Then and now; we and others—cross-cultural friends and global servants. September 29, 2010
Then and now; we and others—cross-cultural friends and global servants
September 29, 2010
Ah, as Yvonne and I receive, read, mull over and respond each week to scores of emails (old language, “letters”) from our friends around the world, we simply marvel at the unique nature of the living, self-revealing God and the reality of our Triune God on mission—the Father sends the Son, the Son sends the Spirit, the Spirit goes before both Father and Son for the arrival of the Son.
So let me talk about some newer traveling servants, and make a brief reference to some older ones.
In recent days, two dear families, the Morrow Five and the Hines Six, have flown to Uganda to start their ministry. The Morrows in a combined medical (Aaron is the MD), Mom, intercession and missions (Wendy’s passion). The Hines in leadership training (Travis) and Mom (Leslie). We have known Travis since (can it be?) his birth, what, some 40 years ago??? Leslie is the daughter of one of my seminary classmates, though we did not meet her until she appeared circa 1992 in the college SS class at Westlake Bible Church during her University of Texas years. Wendy was a close friend of Leslie’s (along with her sister Mary Ellen) but a chain-smoking, spicy-mouthed feminist. And then the Lord got a hold of her, and of Leslie and Mary Ellen!! It was sheer joy to witness the power of the Spirit in their lives. And we were bonded…………for life I suspect.
Leslie and Travis met during those UT years and things came to pass that led to marriage and four children. Travis taught iHS for a short season, studied at Trinity School of Ministry in PA, and then worked there for some years, then was ordained an Anglican Deacon. The four children came in short order. Wendy, post-university, taught English in Central Europe, met Aaron there, and they fell madly in love. Asking me to marry them, I said I would under 3 conditions: they wait a year; they return to get established in a church community; they get serious marriage counseling. And that’s what they did. And the three children came.
Their journey into longer-term mission began many years ago, and for Aaron (post Inter-Varsity in university, a few Urbana mission convention), then med school and post-doc specialization in family medicine, it was a long journey. But all four persevered. And they are in Kabale, Uganda today, encountering even as I write, the full force of geographic changes, time changes, cultural changes, culture shock, educational adjustments for the kids (already in school), and the gradual assumption of working assignments as they try to live and survive.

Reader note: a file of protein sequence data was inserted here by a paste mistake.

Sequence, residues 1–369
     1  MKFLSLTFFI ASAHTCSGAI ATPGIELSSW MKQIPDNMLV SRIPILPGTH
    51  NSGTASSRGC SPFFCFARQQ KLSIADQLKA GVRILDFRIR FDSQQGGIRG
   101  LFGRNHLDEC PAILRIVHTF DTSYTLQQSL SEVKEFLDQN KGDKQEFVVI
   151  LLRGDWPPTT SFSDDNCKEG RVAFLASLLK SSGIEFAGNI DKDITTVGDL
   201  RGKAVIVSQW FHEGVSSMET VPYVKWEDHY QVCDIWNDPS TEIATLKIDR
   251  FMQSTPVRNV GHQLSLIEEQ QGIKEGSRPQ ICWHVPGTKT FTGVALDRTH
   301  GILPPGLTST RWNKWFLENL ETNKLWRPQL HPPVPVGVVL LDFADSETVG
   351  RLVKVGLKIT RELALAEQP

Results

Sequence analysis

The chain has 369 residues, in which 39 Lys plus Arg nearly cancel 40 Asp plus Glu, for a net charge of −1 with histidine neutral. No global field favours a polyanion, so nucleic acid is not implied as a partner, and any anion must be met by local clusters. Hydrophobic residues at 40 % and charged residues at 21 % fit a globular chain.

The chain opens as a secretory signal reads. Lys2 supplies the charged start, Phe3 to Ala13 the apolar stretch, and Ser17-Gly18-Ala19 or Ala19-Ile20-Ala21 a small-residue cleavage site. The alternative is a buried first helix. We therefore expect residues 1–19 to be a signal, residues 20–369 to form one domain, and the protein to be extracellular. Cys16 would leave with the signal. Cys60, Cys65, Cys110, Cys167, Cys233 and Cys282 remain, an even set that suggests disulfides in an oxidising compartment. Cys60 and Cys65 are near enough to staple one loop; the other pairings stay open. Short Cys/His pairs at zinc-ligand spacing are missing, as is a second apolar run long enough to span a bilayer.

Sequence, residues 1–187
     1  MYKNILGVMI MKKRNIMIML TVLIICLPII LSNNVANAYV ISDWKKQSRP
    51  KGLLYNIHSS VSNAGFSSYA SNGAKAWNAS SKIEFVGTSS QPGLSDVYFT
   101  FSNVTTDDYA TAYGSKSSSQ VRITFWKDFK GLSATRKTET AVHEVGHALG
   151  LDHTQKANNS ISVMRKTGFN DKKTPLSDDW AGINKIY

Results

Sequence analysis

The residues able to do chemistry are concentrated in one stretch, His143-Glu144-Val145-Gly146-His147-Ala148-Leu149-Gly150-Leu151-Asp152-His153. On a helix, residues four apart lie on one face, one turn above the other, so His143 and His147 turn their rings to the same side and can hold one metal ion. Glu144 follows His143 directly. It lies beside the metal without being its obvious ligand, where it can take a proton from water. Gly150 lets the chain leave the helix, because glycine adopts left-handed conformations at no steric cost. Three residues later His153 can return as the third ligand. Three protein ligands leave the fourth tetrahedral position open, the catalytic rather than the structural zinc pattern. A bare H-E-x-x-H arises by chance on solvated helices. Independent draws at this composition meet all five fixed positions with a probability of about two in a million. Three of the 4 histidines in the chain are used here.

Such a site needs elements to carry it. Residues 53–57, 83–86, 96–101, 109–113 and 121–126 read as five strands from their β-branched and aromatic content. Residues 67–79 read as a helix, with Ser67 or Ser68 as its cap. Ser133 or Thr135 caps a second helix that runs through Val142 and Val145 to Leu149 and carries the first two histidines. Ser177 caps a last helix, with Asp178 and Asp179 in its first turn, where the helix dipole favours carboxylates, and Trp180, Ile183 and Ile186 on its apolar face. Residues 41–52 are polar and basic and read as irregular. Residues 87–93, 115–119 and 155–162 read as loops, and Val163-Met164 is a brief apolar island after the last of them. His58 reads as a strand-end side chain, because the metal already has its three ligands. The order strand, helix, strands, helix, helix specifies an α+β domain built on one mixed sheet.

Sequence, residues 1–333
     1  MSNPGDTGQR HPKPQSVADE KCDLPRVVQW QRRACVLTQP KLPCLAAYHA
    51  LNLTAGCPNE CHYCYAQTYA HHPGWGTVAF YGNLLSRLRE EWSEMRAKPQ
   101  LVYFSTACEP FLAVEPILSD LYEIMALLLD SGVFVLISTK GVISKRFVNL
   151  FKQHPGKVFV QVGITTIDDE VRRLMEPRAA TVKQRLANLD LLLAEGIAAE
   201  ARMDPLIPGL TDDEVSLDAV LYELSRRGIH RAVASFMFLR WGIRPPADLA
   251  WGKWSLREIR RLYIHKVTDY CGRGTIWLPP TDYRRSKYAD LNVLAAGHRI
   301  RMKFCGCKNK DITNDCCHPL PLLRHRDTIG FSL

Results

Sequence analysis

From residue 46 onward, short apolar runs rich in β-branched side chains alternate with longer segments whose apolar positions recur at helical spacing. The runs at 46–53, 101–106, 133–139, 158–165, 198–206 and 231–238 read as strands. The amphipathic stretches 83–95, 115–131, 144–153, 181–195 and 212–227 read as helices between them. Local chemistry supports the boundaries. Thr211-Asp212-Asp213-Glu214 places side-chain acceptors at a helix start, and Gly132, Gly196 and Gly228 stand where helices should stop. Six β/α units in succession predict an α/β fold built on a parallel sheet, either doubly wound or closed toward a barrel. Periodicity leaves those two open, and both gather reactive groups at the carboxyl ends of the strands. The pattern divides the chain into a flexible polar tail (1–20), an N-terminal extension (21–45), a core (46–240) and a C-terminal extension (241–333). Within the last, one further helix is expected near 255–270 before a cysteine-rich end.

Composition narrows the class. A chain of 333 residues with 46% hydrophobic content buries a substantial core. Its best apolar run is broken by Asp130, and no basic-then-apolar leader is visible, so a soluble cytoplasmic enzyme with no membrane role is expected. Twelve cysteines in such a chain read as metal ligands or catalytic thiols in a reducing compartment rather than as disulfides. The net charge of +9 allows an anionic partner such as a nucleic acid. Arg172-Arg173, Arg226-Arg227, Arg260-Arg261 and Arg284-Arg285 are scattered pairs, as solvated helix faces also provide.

Their commitment is remarkable; their struggles real; their encounter with their enemies true (including their own human nature); their long-term vision true; their love for Jesus and his Gospel and his people. And they were just commissioned in the Anglican church in Kabale as the new missionaries to that marvelous country of such painful historical wounds yet full of potential.
So this blog salutes our friends, Wendy and Aaron, Travis and Leslie and their combined brood.
And they remind Yvonne and me of a host of friends who have dedicated their lives to cross-cultural mission. It’s not the profession that God most blesses, for we have a robust theology of vocation—all honorable ones are equally favored by God, who worked in creation and before sin; whose Son worked as a carpenter until he was 30. But in this case I reference our missionary friends.
Time does not give me space to talk equally about David and Phyllis, Janet and David, Ray and Gwen,
Stanley and Margaret, Reuben, Yunuse and Alphonsine, Taylor and Allison, Andre and Belinda, PS and K and Pramila, David and Wendi, Jan and Roy, Dottie and Carlton, David and Barbara, Caren and David, Rose and Dick, Kirk and Sarah, Matt and Michelle,
Rod and Jennifer, Sergio and Linda, Lisa and Doug, Jim and Jenny, Bertil and Alzira, David and Dora Amalia, Mike and Stephanie, Kees and Els, Keith and Suzanne, David and Hunbok, Richard and Irene, Rob and Sarah, Harry and Tina, Ramiro and Sonia, Marcos and Rosangela, Willie and Lydia, Adriaan and Lydia, Dwight and Sandi, Pam, Jamie, Rudy, Reg, Alex, Piers, Steve, Jim, and so many others.
And my parents, of blessed memory they, who sailed on the SS Sixaola in September 1938 for Cuba, Panama and Costa Rica, where on the day after their arrival, they began their Spanish studies—with my sister, age six months.
Of so many, the world does not deserve, but they pay the price, for the Lamb who was slain must receive the reward of his sufferings—that historic and still true Moravian slogan.